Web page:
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Philip Seymour Hoffman as Lester Bangs: 'Almost Famous' star Patrick Fugit remembers

When Patrick Fugit woke up Sunday morning and learned via Facebook that Philip Seymour Hoffman had died in New York, he had a surprising first thought. It wasn’t a flashback to Almost Famous, Cameron Crowe’s autobiographical coming-of-age movie that starred Fugit as a teenage rock journalist and Hoffman as iconic critic Lester Bangs. “I started immediately thinking about Punch-Drunk Love, which is one of my favorite films that he’s in,” says Fugit, who’s currently filming Gone Girl for David Fincher. “Have you seen the Mattress Man commercial that he’s in? It’s just a deleted scene from the Punch-Drunk Love special edition where he basically jumps onto these mattresses from atop a semi truck and he misses them and falls on the ground. It looks like Philip really wrecks himself. It totally looks real, and it’s genius and hilarious. I don’t know why, but that was the first thing I thought of.”

But after that initial memory, Fugit couldn’t help but reflect on the scenes he shared with Hoffman in Almost Famous. The young actor was only 16 years old at the time and had no clue who Hoffman was when the esteemed actor arrived on the set for three days of filming. Below, as told to EW, Fugit looks back on those pivotal scenes and how they made a lasting impact on him as an actor.

Cameron Crowe remembers Philip Seymour Hoffman

After the sudden death of Philip Seymour Hoffman yesterday, tributes have been pouring in. Joining those voices today is director Cameron Crowe, who wrote a blog post with his memories of working with Hoffman on the set of Almost Famous, where of course Hoffman portrayed rock journalist Lester Bangs.

Alongside the above photo, Crowe wrote, “My original take on this scene was a loud, late night pronouncement from Lester Bangs.  A call to arms.  In Phil’s hands it became something different.  A scene about quiet truths shared between two guys, both at the crossroads, both hurting, and both up too late.  It became the soul of the movie.  In between takes, Hoffman spoke to no one.  He listened only to his headset, only to the words of Lester himself.  (His Walkman was filled with rare Lester interviews.)  When the scene was over, I realized that Hoffman had pulled off a magic trick.  He’d leapt over the words and the script, and gone hunting for the soul and compassion of the private Lester, the one only a few of us had ever met.  Suddenly the portrait was complete.  The crew and I will always be grateful for that front row seat to his genius.”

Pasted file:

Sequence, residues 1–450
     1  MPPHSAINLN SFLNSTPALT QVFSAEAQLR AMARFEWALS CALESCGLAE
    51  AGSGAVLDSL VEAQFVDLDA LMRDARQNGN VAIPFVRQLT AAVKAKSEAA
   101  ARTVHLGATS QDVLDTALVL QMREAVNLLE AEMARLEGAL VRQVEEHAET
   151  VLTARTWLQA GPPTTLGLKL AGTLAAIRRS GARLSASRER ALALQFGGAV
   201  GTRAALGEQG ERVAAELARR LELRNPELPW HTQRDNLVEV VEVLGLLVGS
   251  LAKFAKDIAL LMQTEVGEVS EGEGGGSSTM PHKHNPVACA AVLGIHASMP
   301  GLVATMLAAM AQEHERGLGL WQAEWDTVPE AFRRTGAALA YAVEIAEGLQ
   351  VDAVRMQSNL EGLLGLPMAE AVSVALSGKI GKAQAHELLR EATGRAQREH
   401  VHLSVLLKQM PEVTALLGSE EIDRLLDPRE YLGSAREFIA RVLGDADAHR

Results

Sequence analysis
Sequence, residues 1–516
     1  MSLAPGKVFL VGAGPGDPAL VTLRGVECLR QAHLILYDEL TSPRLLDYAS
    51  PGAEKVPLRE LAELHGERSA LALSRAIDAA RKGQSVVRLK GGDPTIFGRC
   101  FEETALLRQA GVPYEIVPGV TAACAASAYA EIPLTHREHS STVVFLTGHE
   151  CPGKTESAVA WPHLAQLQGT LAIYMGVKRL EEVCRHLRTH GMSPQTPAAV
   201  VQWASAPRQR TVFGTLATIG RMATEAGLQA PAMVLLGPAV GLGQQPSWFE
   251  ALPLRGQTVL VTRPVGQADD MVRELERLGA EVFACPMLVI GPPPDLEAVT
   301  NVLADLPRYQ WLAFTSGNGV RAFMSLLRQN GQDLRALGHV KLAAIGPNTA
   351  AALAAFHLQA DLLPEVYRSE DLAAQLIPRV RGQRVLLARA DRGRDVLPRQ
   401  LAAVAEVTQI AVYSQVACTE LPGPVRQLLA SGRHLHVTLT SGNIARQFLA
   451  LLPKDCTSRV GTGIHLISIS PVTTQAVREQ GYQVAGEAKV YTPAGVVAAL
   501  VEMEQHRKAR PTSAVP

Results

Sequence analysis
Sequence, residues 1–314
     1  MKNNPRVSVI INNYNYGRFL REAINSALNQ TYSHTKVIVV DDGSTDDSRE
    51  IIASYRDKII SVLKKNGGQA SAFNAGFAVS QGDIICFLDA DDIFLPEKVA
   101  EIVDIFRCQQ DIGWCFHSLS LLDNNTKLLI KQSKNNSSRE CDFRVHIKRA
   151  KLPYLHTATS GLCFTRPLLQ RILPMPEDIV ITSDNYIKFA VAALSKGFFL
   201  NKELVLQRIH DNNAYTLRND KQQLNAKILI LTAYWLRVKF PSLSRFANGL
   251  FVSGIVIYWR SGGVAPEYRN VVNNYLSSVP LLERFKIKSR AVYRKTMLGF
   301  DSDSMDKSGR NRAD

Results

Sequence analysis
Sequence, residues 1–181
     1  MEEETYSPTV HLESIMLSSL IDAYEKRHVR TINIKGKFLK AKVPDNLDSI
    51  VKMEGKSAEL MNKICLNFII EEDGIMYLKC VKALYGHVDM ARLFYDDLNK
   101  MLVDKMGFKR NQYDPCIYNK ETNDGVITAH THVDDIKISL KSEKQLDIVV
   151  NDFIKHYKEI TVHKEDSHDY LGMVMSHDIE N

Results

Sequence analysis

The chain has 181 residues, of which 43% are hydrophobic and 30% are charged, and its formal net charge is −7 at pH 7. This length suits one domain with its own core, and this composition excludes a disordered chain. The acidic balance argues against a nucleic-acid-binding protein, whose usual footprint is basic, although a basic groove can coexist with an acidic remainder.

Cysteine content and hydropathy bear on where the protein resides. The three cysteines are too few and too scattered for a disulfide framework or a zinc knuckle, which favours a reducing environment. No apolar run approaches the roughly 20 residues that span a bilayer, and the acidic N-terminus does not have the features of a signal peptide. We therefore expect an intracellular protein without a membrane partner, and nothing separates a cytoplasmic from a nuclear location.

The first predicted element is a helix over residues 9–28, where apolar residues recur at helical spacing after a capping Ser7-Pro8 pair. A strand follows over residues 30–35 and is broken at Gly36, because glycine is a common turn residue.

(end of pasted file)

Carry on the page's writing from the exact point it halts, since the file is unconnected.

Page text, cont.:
Watch one of Hoffman’s memorable scene from Almost Famous below: READ FULL STORY

Philip Seymour Hoffman was a bravura actor who made his pain a timeless expression of us all

I’ll never forget the moment I first sat up and took notice of Philip Seymour Hoffman — the moment that I knew I loved him as an actor and knew, as well, that he was a different kind of great actor from anyone I’d ever seen. It was the moment in Boogie Nights (1997) when Hoffman’s Scotty J., the boom-mike operator who has spent most of the film hanging around the sidelines of the porn set, a sweetly insecure dude in long red hair, his gut poking out of his ’70s tank tops, confesses to Dirk Diggler that he’s got a crush on him. This comes as news to Dirk — and news to the audience as well, since we didn’t know that Scotty was gay, because it’s clearly something that he was hiding from the world. Drunk, and a little less shy because of it, Scotty shows Dirk his new sports car, which he thinks will impress him (it doesn’t), and he then tries to lay a smooch on him, which Dirk, in this paleo-days-of-gay-liberation era, thinks is beyond weird. But that’s the rejection that Scotty’s been living in terror of, and now that it’s happened, he breaks down. READ FULL STORY

From 'Say Anything' to 'The Spectacular Now': A teen-classic film series


Teen movies about misfits and popular kids getting together are being celebrated in “The Spectacular Classics” screening series across the country this month.

Favorites like Say Anything and Almost Famous will be shown in various Landmark Theaters (along with the Angelika in Dallas and the Los Feliz in Los Angeles) across the country. Theaters and filmmakers have teamed up with The Spectacular Now to bring moviegoers this nostalgic, romantic film series leading up to the film’s premiere. The screenings will feature an exclusive video intro by screenwriters Michael Weber and Scott Neustadter. Each audience member will also receive a ticket to an advance screening of The Spectacular Now, which opens in limited release on August 2.

The full schedule of films and locations is below:

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